Territorial in Africa: a recap and partial conclusions
So far, we have introduced the historical reasons behind the territorial disputes in Africa, and consequent issues related to natural resources, people, and forced migrations. The first points we made clear are the fact that these posts are a broad introduction and that there are particular elements related to each individual difference. Yet, we have learnt there are some constant issues: colonialism and imperialism, and the way in which powers outside Africa delineated the borders.
There were many “reasons” and explanations at the time (geography, social development, economy, conflict amongst them). Nowadays, some of these earlier explanations are still present. However, there is a clear message from academia, politicians, activists and many others that the “reasons” behind the partition were not that benign or have in mind the welfare of the inhabitants.
The previous posts show there is a connection between current forced migrations, poverty, bordering tension, the level of socio-economic development, political instability and the historical elements. It is not that pre-colonial Africa did not have problems.
Indeed, there were migrations, fights, and struggle. What is different nowadays is the fact that parties alien to the continent have a central role in perpetuating and exacerbating these negative realities. Even under the umbrella of humanitarian aid, tensions between local and regional groups are fed from outside.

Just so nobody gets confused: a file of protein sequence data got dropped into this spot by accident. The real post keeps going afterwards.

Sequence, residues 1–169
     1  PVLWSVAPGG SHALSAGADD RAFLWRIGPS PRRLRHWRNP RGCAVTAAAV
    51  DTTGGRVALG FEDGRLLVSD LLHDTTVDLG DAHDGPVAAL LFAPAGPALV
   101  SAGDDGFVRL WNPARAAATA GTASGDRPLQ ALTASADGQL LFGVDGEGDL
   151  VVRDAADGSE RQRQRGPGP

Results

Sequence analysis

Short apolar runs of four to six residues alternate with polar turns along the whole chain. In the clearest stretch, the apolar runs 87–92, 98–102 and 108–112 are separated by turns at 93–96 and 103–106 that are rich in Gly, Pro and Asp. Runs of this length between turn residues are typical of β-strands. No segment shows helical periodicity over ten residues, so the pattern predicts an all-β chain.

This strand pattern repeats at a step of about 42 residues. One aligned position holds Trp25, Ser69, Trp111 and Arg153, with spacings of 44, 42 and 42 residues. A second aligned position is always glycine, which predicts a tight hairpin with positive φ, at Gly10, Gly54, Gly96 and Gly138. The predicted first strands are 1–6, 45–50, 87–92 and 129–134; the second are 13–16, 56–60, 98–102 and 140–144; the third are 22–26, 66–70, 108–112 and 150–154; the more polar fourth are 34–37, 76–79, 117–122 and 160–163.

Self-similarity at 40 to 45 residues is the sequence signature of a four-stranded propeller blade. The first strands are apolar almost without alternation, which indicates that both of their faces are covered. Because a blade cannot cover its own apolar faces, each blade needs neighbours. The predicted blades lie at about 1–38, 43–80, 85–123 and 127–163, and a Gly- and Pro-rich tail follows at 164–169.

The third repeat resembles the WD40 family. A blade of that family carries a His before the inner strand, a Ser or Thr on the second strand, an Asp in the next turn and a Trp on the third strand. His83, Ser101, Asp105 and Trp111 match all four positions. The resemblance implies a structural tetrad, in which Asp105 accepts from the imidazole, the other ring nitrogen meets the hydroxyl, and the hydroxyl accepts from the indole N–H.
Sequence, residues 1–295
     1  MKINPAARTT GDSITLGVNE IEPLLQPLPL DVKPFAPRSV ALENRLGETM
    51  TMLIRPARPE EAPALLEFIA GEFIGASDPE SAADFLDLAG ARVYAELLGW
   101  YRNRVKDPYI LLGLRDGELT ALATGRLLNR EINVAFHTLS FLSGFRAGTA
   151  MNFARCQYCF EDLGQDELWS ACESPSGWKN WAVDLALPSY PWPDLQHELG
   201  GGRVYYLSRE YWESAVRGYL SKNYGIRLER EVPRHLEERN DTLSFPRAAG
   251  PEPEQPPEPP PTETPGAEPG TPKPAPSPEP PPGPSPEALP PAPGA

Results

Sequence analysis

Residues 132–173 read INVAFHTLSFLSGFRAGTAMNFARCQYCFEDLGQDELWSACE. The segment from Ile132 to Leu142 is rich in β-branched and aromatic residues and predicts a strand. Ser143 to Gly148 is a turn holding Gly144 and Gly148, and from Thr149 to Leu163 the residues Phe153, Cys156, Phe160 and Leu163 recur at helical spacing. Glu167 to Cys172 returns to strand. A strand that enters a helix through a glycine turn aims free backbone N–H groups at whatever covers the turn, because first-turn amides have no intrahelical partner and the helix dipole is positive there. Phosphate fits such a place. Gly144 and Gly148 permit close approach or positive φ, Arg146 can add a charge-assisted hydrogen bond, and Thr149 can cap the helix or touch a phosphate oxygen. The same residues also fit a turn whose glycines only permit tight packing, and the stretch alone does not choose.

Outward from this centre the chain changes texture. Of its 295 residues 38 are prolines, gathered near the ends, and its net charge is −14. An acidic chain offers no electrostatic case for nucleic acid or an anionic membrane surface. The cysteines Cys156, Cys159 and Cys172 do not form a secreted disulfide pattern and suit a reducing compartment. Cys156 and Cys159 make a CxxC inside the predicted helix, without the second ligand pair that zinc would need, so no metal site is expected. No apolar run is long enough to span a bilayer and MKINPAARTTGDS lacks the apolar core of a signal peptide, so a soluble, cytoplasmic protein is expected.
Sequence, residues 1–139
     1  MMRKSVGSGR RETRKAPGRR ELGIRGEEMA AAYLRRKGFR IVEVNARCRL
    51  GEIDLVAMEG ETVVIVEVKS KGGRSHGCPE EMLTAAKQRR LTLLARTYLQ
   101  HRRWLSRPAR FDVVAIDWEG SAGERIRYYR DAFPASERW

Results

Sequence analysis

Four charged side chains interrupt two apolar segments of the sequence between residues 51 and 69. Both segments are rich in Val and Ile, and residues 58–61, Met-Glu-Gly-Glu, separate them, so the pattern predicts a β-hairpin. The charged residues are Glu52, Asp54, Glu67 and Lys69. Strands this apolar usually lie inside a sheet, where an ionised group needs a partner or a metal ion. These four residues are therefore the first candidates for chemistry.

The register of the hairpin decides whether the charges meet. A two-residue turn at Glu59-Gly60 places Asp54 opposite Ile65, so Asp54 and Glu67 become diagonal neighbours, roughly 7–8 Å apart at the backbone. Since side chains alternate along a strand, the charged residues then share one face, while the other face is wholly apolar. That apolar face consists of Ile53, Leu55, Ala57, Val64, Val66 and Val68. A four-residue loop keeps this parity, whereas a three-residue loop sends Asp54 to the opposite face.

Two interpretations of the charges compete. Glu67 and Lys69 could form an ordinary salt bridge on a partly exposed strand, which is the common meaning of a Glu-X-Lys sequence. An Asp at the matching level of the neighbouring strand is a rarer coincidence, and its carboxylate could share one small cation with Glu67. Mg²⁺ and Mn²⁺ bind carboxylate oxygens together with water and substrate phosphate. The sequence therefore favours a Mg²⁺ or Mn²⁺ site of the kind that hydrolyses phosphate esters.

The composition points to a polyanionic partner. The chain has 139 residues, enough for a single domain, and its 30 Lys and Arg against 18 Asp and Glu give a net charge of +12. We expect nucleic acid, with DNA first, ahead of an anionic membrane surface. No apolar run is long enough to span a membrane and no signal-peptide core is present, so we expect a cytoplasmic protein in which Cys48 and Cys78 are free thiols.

Different disputes include a myriad of specific elements. After introducing these key elements related to territorial disputes in Africa at large, the posts will focus the attention on some cases in particular to assess and evaluate their own components. Once we present the larger background and the specific cases the posts will conclude by exploring a way to solve them.
Posts about territorial disputes and Africa so far:
This post is based on Jorge Emilio Núñez, Territorial Disputes and State Sovereignty. International Law and Politics (Routledge 2020).Previous published research monograph about territorial disputes and sovereignty by the author, Jorge Emilio Núñez, Sovereignty Conflicts and International Law and Politics: A Distributive Justice Issue London and New York: Routledge, Taylor and Francis Group, 2017.
Territorial conflicts and Africa: the first steps back to dignity.
Monday 19th October 2020
Dr Jorge Emilio Núñez